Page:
response stating that it doesn't matter:
SCO's lawsuit against IBM does not involve patents or copyrights.
SCO's complaint specifically alleges breach of contract, and SCO
intends to protect and enforce all of the contracts that the
company has with more than 6,000 licensees.
In fact, the original
complaint does talk mostly about trade secrets and breach of contract. It
does also, however, assert (once again) ownership of Unix and claim that IBM's actions
have caused a reduction in the value of its Unix assets. Novell's claim
challenges SCO's standing in the case; it may also be used by IBM's lawyers
to question SCO's truthfulness and good faith in general.
Regardless of how the IBM suit goes, however, it now seems clearer than
ever that the 1500 or so recipients of SCO's "Letter
to Linux customers" can simply file that letter next to their AOL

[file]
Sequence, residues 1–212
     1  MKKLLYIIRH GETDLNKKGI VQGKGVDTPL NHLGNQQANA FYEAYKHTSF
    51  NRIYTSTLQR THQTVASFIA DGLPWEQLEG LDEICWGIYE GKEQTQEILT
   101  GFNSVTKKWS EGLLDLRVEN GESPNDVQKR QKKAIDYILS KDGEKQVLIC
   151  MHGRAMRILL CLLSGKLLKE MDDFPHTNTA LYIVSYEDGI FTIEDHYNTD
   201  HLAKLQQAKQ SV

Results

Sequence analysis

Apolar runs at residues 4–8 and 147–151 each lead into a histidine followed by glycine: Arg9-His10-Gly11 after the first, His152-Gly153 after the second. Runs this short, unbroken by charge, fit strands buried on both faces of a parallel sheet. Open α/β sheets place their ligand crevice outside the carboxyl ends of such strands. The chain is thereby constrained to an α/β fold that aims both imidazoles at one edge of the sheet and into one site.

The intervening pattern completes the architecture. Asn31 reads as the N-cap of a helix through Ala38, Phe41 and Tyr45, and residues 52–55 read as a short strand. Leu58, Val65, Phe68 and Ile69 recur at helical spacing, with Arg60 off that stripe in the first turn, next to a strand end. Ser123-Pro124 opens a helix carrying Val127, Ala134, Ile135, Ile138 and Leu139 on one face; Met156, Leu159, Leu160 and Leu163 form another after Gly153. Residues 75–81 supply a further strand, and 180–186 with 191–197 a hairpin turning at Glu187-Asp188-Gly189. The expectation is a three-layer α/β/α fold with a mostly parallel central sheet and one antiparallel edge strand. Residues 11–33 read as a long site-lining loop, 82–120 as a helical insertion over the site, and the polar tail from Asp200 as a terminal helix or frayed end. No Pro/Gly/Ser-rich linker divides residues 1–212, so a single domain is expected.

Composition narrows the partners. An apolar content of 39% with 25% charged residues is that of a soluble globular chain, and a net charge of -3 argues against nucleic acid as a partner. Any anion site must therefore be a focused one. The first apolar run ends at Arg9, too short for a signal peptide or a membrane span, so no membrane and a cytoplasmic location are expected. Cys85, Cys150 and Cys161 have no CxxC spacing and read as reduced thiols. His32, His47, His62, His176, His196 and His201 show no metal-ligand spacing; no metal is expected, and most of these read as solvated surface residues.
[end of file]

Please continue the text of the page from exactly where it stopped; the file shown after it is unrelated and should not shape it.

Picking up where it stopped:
disks. SCO's case is not about patents or copyrights; the company has no
standing to go after random Linux users. This letter was pure FUD and
Novell does not stop with its copyright assertion. The company's
press release challenges SCO to produce its evidence, and hints at legal
moves to come:
SCO's actions are disrupting business relations that might
otherwise form at a critical time among partners around Linux
technologies, and are depriving these partners of important
economic opportunities. We hope you understand the potential
significant legal liability SCO faces for the possible harm it is
causing to countless customers, developers, and other Linux
It is also interesting to note that LinuxTag's lawyers have given
notice to SCO Group GmbH that SCO must cease its "unfair competitive
practices" as embodied in its attacks against Linux.
If SCO can't produce some convincing evidence for its claims soon, it may
well find itself dealing with lawsuits from the other side of the
Comments (24 posted)
[This article was contributed by Joe 'Zonker' Brockmeier]
The third Open Source Content Management
(OSCOM) Conference this week has all eyes on Open Source Content
Management Systems (CMS). Well, maybe not all eyes, but Open